Our other spring centered activity relied on the actual issue that Florida is well known for; alligators. In fact, this was the only camp that I directed that the aquatics director’s job description included an item that stated, “Daily: check spring for gators.”
I quickly learned that in Florida there are people who are qualified by the State of Florida to remove alligators should they become a problem. The Nuisance Alligator Hotline was in the rol-o-dex in the camp office. (For those unfamiliar with a rol-o-dex, it’s what we used prior to saving numbers on a cell phone.)
After our first call to the “gator guy,” I learned from him that not all alligators are predatory. He said that if you have a “gator in your spring” just go down to the water and touch your toe on the bank. If the gator turns towards you, it is deemed predatory and should be removed. If it turns and swims away (over 90% did this); it is not considered a nuisance.
Now, please know that I am not an expert in alligators or their behaviors and should you have an actual issue with one of these creatures, please do call the Nuisance Hotline at 866-392-4286.
Our team decided to take the “gator” myth to the next level and allow campers to learn the basics of wrestling alligators. This was also conducted as part of the afternoon periods in and around the refreshing spring water. (I'll find the pictures of the activity later.)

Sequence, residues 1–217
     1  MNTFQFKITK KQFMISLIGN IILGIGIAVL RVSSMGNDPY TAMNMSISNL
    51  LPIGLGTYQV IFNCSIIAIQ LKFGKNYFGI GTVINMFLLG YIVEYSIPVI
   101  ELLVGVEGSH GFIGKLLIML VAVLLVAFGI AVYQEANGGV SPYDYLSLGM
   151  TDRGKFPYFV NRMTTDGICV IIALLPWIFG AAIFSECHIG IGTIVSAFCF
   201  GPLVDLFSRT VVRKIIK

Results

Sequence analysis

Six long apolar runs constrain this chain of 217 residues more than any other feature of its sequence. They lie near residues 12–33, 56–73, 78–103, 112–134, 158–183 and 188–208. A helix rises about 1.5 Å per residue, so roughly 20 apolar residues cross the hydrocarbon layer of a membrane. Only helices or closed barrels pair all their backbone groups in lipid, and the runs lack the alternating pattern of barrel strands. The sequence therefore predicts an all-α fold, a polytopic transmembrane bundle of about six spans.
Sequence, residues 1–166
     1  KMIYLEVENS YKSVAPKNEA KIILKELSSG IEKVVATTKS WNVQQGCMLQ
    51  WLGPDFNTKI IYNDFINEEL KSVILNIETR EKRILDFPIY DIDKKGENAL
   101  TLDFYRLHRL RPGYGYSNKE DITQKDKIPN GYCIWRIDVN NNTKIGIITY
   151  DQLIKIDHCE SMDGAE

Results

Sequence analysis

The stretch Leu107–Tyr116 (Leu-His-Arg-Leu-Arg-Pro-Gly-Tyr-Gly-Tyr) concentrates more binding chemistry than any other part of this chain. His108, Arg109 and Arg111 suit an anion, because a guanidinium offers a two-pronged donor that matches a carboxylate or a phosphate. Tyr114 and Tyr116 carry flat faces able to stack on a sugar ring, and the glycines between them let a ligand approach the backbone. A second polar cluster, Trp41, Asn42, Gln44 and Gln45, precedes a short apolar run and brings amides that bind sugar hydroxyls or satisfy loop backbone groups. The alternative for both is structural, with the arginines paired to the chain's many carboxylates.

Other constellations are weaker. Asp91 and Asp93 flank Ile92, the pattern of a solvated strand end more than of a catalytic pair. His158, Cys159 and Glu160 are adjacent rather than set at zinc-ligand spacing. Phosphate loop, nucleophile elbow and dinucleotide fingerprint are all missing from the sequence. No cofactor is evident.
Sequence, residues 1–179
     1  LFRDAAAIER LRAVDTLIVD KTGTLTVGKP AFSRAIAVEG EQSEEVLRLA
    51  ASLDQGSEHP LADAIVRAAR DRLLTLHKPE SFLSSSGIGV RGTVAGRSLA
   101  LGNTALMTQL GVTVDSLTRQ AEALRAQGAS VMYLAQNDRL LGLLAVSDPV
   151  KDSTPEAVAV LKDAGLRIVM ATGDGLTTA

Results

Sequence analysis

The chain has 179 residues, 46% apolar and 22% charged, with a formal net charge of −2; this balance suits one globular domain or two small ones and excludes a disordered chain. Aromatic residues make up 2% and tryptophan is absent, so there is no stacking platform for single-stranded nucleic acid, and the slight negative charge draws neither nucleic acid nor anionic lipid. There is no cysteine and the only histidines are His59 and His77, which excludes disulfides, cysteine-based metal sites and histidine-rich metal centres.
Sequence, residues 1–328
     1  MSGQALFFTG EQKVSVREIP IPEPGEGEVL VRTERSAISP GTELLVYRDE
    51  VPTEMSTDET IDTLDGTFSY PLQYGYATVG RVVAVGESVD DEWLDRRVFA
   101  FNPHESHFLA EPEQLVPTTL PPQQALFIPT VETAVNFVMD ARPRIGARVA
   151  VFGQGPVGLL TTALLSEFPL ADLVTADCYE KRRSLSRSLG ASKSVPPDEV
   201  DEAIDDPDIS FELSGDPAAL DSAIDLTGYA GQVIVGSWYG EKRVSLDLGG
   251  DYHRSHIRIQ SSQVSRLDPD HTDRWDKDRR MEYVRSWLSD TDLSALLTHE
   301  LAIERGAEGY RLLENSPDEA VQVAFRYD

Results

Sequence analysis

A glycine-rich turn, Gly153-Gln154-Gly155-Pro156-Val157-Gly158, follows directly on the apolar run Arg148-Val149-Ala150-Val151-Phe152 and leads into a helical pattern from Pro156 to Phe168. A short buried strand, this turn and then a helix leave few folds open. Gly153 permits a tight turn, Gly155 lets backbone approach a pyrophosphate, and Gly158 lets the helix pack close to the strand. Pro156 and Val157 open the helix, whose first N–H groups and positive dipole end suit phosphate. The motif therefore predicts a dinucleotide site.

We named our original alligator, “Stanley.” We actually ended up with two that summer because of the abusive nature of the activity. In the field leading up to the spring, rain water would often form puddles the warmed up in the sun shine of the afternoon. A perfect spot to learn about alligator wrestling.
Stanley and the activity leader would meet potential participants and go over the basics of wrestling maneuvers and take downs. Campers would often line up for an attempt to wrestle Stanley. In fact, most ended with successful take downs of the gator. It turned out to be a popular afternoon activity that was close enough that the underwater basket weavers would watch and cheer for as those young folks who would leg lock and scissor hold their opponent, Stanley.
Perhaps the best of the creativity was an activity area we called, “Spirit, Mind, and Body. This curriculum promised parents, the following, “Parents may observe an increase in self-confidence when faced with unfamiliar or challenging activities whether done individually and/or in a group. Growth in competence of one or more skills possessed or with new skill acquired. Participants take initiative for positive performance may also be noted.”